Assembling & testing can now be farmed out at relatively good prices by respectable houses, under $100 usually and you can have tech support for your handpicked PC if you need/want it.

    My current parts recommendations below. (disclaimer: I have no special interests in the companies mentioned, except maybe investments, but I invest/short based on the tech, not the reverse – and if Dell ever crossed your mind, please look at HP or eMachines instead; some day I will post my Dell horror stories, reminiscent of AOL in the 2000-01, similar ad bombardment & dirty tricks)

    cpu: socket 939 AMD 64 3400+ 1MB Cache – depending on the prix du jour

    motherboard: Giga-Byte GA-K8NXP-9: better no SLI for compatibilty reasons, unless you need 3D performance; uses topnotch industry standard nVidia nForce4 chip; full complement of SATA /ATA hard drive support, including v. good RAID, enabling SATA/ATA mix – and hardware firewall chip (! better than software solutions like ZoneAlarm etc – can be enabled/disabled in bios)

    memory: Corsair’s pretty decent, load to max 4GB

    case: Antec Sonata w/Power supply (very quiet and easy to get in and out of)

    Video: nVidia PCIe 5200+ – inexpensive, well supported w/all OS; swap for higher grade if necessary, or ATI for some Microsoft early adoption releases -ATI is notoriously more troublesome in my experience to *uninstall*, even when you stay within ATI – really –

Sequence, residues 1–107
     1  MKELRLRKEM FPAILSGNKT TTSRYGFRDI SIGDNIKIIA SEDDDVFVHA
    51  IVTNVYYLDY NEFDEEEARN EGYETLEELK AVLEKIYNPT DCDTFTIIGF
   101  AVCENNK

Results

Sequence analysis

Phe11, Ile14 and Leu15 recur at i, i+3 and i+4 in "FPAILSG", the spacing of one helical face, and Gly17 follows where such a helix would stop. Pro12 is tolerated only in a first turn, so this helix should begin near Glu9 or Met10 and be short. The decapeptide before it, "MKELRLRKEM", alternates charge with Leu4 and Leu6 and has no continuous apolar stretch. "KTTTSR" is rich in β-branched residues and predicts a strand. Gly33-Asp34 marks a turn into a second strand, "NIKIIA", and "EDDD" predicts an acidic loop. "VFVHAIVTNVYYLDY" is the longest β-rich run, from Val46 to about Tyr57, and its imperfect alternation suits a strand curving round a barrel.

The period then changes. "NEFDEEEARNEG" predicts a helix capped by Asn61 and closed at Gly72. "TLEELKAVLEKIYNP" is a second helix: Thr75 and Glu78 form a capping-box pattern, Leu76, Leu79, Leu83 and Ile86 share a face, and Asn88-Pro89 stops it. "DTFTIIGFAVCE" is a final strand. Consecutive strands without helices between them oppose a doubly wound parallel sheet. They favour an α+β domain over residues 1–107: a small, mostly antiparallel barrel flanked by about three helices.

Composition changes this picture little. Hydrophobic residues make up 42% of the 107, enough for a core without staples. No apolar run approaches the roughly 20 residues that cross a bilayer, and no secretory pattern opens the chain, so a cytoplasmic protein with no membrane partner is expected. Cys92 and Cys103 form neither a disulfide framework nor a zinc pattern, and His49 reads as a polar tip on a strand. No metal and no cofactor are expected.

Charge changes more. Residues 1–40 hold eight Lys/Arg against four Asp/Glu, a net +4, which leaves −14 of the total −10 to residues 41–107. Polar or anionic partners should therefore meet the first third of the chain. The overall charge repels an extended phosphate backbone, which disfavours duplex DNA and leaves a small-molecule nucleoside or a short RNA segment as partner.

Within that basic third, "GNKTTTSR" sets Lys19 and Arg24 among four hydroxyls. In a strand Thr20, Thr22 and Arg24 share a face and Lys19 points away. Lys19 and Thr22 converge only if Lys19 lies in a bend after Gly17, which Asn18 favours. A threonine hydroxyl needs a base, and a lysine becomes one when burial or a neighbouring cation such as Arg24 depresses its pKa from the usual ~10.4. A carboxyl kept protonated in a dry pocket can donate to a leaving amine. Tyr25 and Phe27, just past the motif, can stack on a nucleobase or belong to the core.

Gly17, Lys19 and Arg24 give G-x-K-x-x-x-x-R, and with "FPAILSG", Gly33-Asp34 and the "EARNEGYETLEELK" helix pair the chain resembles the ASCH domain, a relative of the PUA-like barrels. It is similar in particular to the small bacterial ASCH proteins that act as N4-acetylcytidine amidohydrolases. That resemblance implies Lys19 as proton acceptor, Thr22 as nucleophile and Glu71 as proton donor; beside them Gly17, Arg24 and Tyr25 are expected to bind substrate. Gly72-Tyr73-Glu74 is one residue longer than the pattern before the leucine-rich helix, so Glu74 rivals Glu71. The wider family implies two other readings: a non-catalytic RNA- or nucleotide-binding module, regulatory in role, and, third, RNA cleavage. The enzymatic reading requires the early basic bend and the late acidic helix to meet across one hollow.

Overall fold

Hard drive: 36GB Western Digital SATA 10,000 rpm (!) for boot drive, and either Seagate/WD /Samsung /Hitachi but *not* Maxtor for data drives up to 200 GB

    Note: if you are interested in super compatibility with the SUN Ultra 20 X86 entry workstation or SUN Galaxy X2100 Dell-killer servers, you could specify a Tyan Tomcat K8E motherboard and Opteron cpu, since the SUN’s are custom (disabled USB etc) versions (see Anandtech for details)

    Can’t speak of recommended assemblers without being somewhat partial to my limited experience. Hope this helps
    @

    “Computers will give us more leisure time, free us from drudgery so we can all enjoy life more fully in a cleaner environment” Lao Tzu

  • http://www.livejournal.com/users/spyderous/ Donnie Berkholz

    I’ve had great experiences with Monarch Computer. The last computer I bought was from them (about 3 1/2 years ago) and is my current desktop and essentially a low-end server. Dual Athlon 2000’s, 1 gig RAM, etc. Solid value and quality, staff did a great job of recommending exactly what I needed.

    They also have great deals on mobo+processor+memory combo’s if you’re into construction.